Emma Cooke, MSc Candidate

Memorial University, Department of Ocean Sciences

Bio: I love everything to do with travel and nature, but especially water – whether it’s swimming, fishing, scuba diving, boating or paddling, and I’m lucky enough to get to do some of these things while discovering what’s going on beneath the surface. My previous research looked at how freshwater protected areas can influence the evolution of fish behaviour, and now I’m looking forward to studying fish in the marine environment!

Supervisor(s): Dr. Paul Snelgrove and Dr. Bob Gregory

Start to Finish: September 2016 – September 2018

CHONe Project: 1.2.1: The contribution of nearshore coastal zone nurseries to offshore capture fisheries

Project Topic: Environmental and biological influences on Atlantic cod

Many wild fish species are being overfished around the world, which can lead to the collapse of certain populations. Unfortunately, many of these fish species are incredibly valuable not only for the ecosystem, but also for a source of food, income and livelihood for millions of people worldwide. A well known fish species that has historically been overfished is Atlantic cod in Newfoundland, Canada. In addition to overfishing, the changing environment has a large impact on cod populations. Nursery habitat, such as eelgrass, is vital for the survival of juvenile cod by giving shelter and food. As well, juvenile cod growth decreases with extreme temperatures, which lowers chance of survival during the first year of life. Juvenile cod are sensitive to both nursery habitat cover and temperature changes, both of which are critical to survival.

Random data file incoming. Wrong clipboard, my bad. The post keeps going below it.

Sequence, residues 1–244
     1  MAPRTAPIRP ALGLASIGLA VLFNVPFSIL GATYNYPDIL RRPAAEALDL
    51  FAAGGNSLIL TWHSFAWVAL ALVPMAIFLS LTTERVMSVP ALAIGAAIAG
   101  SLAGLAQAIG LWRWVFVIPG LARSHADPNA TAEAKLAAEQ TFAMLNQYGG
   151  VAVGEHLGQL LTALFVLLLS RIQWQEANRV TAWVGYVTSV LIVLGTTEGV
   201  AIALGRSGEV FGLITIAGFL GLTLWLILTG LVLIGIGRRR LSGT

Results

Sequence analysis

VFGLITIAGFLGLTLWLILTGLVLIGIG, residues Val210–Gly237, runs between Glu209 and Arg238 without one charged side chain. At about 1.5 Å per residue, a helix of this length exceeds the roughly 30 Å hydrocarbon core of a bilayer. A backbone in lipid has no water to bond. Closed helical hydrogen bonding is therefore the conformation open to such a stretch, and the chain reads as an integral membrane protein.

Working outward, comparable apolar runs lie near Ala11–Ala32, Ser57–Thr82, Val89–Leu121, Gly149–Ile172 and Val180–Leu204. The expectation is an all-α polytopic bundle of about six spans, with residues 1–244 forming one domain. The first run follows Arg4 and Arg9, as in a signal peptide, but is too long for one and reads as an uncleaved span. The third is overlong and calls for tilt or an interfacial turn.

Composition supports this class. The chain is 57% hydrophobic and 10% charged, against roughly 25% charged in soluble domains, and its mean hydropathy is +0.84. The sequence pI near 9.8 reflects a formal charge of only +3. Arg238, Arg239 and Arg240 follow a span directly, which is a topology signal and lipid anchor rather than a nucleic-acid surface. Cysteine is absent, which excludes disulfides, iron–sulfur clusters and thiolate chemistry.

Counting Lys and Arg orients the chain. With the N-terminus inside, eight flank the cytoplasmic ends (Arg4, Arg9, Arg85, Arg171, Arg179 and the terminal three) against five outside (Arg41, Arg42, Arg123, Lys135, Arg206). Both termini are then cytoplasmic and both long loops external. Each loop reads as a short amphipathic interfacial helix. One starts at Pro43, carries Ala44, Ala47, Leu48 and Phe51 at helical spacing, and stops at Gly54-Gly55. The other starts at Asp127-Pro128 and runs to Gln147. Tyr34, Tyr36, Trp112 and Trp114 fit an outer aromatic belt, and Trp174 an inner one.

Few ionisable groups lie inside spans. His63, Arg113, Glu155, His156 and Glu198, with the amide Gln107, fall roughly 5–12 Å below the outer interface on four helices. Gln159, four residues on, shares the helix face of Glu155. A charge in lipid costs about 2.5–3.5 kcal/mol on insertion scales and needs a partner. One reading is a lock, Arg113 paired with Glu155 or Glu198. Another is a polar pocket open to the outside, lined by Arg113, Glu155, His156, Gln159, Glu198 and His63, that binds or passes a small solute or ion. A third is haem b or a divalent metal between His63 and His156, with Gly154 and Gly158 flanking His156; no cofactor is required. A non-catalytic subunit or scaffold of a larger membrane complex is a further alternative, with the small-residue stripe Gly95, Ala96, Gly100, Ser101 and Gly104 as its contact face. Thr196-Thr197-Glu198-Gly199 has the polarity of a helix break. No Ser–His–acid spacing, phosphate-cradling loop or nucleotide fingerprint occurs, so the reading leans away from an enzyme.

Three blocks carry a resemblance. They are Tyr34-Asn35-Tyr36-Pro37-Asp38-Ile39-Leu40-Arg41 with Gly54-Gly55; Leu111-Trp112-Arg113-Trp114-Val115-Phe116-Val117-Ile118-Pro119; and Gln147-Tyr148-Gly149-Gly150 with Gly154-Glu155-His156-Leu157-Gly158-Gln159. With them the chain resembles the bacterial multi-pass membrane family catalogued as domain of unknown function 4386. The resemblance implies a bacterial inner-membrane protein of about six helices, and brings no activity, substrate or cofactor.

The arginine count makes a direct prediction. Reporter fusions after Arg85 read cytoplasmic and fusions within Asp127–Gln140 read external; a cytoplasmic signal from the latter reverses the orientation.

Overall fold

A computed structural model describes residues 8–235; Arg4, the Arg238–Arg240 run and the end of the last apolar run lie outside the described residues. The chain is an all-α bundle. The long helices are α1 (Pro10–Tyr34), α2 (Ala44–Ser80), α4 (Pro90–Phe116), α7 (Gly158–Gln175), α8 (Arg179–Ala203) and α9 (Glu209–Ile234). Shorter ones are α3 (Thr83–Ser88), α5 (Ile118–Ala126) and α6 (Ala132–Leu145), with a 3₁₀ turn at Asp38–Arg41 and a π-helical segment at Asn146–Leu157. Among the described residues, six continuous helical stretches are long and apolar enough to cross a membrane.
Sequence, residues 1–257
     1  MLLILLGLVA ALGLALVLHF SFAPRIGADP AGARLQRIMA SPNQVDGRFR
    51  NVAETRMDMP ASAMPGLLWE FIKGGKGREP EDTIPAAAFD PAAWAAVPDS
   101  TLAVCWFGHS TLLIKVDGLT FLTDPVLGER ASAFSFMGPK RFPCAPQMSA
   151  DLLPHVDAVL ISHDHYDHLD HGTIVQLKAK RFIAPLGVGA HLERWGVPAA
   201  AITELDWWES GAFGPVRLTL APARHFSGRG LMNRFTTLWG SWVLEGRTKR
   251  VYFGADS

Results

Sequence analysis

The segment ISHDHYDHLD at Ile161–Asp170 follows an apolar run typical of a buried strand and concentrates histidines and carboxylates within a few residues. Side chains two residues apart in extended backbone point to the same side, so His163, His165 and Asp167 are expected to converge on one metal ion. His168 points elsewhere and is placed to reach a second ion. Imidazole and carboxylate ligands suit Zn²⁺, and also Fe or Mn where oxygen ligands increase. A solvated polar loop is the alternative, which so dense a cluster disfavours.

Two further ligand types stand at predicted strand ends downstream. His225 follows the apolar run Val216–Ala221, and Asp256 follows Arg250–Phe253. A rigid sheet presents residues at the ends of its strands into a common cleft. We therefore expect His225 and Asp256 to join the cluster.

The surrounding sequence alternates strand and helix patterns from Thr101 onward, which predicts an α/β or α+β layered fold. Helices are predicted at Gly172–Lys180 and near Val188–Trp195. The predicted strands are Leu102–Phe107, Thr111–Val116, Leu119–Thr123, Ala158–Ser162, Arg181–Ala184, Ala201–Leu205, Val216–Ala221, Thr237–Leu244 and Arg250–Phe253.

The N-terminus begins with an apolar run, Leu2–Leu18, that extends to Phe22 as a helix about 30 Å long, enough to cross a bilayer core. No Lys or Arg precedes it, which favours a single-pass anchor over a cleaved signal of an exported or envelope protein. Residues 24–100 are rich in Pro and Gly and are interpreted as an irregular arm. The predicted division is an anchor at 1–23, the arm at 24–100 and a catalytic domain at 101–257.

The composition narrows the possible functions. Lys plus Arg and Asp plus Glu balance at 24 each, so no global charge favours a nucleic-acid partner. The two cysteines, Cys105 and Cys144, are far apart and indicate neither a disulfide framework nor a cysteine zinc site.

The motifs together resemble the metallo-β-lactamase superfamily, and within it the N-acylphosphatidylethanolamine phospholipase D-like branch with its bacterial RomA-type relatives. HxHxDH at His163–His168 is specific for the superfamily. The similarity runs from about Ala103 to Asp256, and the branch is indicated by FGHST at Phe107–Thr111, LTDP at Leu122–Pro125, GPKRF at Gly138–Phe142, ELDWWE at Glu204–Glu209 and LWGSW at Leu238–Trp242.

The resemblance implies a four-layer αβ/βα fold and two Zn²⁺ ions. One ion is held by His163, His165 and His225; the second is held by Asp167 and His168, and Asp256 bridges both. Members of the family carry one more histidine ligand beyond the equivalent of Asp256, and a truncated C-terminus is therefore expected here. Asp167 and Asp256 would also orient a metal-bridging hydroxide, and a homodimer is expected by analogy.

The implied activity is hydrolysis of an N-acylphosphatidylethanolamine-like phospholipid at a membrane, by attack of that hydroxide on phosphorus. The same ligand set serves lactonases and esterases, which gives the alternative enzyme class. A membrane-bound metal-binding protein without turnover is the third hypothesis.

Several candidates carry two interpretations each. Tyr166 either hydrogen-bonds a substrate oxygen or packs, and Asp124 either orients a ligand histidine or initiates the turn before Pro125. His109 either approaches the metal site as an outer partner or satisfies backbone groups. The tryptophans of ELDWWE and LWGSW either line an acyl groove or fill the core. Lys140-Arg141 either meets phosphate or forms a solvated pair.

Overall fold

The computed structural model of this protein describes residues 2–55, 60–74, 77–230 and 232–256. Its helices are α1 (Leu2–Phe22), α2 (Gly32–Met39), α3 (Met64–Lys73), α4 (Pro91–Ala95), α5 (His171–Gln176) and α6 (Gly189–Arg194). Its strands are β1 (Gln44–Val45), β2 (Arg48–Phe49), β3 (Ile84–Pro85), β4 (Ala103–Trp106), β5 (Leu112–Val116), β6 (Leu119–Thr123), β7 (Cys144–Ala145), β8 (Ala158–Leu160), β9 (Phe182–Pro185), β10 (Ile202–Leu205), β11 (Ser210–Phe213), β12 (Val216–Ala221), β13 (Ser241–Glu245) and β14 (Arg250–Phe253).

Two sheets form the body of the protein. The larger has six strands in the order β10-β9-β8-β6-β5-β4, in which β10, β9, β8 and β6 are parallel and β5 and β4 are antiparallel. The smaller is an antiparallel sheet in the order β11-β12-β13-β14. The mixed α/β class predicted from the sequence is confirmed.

My project will look at how juvenile cod data can help predict adult cod populations and what environmental factors are involved. I will use seven long term datasets (22+ years) containing information on juvenile cod, adult cod, temperature, and nursery habitat cover along the coast of Newfoundland.

Atlantic cod populations are slowly rebounding, but being able to understand and predict the future status of fish populations will help plan for socio-economic impacts of low fishing years, climate change, and loss of habitat.